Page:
The dark underbelly of your data ecosystem
✨ Spotlight: The 68% of your company's data that never gets used
While we like to think that we cherish every piece of data, that’s far from the truth. Just like chips and children, we all have favorites.
I recently came across the word “dark data”, referring to data that never actually gets used, which apparently makes up most data at companies today. One report found that only 32% of company data is used, while 68% goes unleveraged.
No more, we say! In today’s Metadata Weekly, we’ll dig into what dark data is, why it happens, and how metadata can step in to save the day.
✨ Spotlight: Keep your data from going to the dark side
Gartner defines dark data as “the information assets organizations collect, process, and store during regular business activities, but generally fail to use for other purposes (for example, analytics, business relationships, and direct monetizing).”
Many organizations collect, tag, bookmark, and store data for future insights. However, it ends up unused and eventually becomes stale — resulting in dark data.
Compliance requirements (e.g. HIPAA and GDPR), marketing and sales campaigns, and customer information (e.g. call records, video presentations, digital content, etc.) are particularly prone to creating dark data.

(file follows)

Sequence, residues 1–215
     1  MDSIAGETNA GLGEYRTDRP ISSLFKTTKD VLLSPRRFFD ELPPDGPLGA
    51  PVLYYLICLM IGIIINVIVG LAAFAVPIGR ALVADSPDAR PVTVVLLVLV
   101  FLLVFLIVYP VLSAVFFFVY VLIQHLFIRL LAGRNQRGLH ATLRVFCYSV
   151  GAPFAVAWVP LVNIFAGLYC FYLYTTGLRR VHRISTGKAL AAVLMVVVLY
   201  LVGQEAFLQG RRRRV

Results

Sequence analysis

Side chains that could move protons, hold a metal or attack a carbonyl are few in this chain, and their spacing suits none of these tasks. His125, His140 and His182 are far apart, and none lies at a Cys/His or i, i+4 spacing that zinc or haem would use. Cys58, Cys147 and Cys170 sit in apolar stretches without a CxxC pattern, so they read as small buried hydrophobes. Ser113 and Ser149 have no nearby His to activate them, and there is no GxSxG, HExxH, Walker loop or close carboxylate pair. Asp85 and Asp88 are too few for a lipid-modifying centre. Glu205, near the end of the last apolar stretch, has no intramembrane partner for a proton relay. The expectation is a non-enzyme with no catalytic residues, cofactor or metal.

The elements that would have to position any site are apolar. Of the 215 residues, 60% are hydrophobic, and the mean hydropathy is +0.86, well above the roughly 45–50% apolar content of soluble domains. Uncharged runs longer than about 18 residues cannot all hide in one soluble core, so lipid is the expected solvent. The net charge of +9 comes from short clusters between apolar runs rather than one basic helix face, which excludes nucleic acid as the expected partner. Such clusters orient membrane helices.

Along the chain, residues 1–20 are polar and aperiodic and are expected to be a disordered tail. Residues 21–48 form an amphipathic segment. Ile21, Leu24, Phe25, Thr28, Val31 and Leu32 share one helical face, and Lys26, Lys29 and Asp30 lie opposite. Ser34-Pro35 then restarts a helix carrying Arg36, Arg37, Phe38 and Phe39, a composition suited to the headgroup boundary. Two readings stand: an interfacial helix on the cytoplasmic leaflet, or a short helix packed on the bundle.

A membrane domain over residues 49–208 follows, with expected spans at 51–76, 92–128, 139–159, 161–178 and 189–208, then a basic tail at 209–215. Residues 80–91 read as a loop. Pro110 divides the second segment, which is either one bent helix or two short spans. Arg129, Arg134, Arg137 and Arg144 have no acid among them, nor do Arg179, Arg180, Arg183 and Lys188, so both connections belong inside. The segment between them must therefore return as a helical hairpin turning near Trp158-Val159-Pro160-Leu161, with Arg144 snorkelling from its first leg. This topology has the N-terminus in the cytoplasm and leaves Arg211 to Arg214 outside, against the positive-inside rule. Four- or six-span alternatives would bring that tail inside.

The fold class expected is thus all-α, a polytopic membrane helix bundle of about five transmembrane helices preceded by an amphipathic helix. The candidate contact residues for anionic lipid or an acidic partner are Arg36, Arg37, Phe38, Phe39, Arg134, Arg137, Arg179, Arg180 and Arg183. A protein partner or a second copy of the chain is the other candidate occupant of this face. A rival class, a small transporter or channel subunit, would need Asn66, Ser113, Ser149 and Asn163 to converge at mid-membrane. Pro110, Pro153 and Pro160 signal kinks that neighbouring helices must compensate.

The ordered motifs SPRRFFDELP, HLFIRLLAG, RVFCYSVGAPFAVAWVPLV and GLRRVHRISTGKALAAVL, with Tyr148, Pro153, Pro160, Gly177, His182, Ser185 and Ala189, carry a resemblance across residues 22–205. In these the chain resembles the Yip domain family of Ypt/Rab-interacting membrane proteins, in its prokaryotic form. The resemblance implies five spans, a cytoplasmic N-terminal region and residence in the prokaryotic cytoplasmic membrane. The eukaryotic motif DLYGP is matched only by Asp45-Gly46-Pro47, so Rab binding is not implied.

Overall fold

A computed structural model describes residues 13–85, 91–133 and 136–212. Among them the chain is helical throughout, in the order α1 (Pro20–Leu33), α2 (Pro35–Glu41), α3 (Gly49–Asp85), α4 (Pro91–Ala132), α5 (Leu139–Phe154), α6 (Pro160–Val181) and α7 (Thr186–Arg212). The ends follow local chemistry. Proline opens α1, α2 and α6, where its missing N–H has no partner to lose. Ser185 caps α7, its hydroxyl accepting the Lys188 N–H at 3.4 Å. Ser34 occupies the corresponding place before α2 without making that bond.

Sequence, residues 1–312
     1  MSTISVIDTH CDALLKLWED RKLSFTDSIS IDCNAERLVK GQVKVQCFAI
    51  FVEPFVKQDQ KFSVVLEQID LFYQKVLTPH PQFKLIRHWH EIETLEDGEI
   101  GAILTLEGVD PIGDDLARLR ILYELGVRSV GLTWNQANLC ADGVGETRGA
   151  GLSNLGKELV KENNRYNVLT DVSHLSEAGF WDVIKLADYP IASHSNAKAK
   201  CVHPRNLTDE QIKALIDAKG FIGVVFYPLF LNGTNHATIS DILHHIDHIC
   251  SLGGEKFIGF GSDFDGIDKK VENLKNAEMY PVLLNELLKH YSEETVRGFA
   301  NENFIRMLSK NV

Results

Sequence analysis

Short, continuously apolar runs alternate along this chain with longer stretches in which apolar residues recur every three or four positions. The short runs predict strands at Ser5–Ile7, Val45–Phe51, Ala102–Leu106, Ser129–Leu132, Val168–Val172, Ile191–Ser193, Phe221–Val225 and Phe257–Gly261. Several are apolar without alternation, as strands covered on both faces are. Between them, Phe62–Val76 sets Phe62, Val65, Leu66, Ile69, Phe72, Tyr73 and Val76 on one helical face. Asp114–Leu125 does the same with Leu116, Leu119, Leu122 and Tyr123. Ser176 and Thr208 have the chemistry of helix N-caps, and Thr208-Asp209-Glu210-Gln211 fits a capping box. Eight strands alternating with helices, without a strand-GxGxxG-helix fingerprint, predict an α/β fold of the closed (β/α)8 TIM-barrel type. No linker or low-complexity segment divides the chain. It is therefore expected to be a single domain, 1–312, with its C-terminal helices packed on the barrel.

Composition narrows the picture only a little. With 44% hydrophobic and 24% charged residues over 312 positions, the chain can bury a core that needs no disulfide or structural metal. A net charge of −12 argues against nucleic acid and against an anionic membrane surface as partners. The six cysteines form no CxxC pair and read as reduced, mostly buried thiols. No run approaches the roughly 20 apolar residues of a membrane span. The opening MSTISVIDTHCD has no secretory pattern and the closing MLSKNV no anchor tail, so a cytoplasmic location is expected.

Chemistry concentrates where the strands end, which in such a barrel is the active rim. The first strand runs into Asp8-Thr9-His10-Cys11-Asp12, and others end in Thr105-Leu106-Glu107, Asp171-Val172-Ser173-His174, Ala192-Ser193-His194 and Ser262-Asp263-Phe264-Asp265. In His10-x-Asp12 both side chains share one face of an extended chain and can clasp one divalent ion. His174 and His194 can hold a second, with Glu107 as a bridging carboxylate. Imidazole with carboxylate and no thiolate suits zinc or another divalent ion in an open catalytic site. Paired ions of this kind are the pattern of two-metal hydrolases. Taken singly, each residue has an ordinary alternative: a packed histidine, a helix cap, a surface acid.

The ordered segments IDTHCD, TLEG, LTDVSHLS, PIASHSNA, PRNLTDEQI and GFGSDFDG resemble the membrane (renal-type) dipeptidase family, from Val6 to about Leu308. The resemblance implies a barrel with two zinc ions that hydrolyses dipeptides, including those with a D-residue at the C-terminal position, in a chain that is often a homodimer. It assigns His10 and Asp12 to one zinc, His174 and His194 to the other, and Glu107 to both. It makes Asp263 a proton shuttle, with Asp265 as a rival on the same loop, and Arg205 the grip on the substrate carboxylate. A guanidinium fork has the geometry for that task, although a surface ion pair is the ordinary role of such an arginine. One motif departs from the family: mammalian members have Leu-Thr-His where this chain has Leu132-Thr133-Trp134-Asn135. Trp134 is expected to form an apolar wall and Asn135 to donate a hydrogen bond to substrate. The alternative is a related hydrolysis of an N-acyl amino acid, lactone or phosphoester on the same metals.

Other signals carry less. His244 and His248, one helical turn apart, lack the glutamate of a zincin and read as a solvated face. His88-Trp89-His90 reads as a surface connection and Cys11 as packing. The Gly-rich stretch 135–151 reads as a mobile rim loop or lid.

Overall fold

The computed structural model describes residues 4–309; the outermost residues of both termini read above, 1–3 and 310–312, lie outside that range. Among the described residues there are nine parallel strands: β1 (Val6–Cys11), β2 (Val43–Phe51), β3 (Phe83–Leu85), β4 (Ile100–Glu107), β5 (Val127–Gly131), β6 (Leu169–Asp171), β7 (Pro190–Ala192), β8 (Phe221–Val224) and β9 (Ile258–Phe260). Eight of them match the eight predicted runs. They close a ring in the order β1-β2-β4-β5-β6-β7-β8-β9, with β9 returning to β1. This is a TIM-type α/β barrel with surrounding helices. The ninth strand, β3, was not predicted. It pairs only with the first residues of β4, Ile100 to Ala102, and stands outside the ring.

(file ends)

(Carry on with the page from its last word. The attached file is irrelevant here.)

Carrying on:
💸 The cost of dark data
Data storage: In 2019, Netflix was spending $9.6 million per month to store its data in AWS. If 68% of that data goes unused, it was spending about $6.5 million per month on dark data.
Data breaches: When you don’t understand where all your data is or what it contains, you leave yourself open to security threats and breaches. In 2020, Equifax had to pay $1.38 billion as a settlement for a class action lawsuit due to a data breach incident.
Data regulations: Large banks spend around $88 million to collect and store customer data for compliance and regulatory purposes. Most of this data is never used but still has to be stored properly.
💪 How to discover dark data with active metadata
Ready to manage and reduce your dark data — or even just figure out how much you have? Dealing with dark data is a three-step process:
First, figure out where you stand by increasing visibility into your data. With a third-gen data catalog, you can dig into key types of metadata to figure out how bad your dark data actually is.
Staleness: Rank data assets by when they were last updated or modified. If data hasn’t been touched in a while, it’s probably going stale.
Popularity: Rank data by its popularity, or how often it is used. A low popularity score can indicate untrustworthy or unimportant data assets.
Provenance: Show how downstream and upstream applications are using stored data assets. If there are no pipelines writing to or reading from an asset, maybe it’s not worth paying for. (One of our customers cut $50,000 in storage costs just by finding and removing an unused BigQuery table. 🤯)
Quality: Rank data by its quality score or metrics. Low quality data assets — e.g. ones with null or duplicate values, incorrect patterns, missing data, etc. — are candidates for getting fixed or discarded.
Redundancy: Identify redundant copies of data in multiple systems. This is an easy way to reduce costs and delete duplicate data.
Classification: Identify any unclassified, untagged, or unlabeled data assets. These can be fixed to help people use them (especially for sensitive data) or deleted entirely.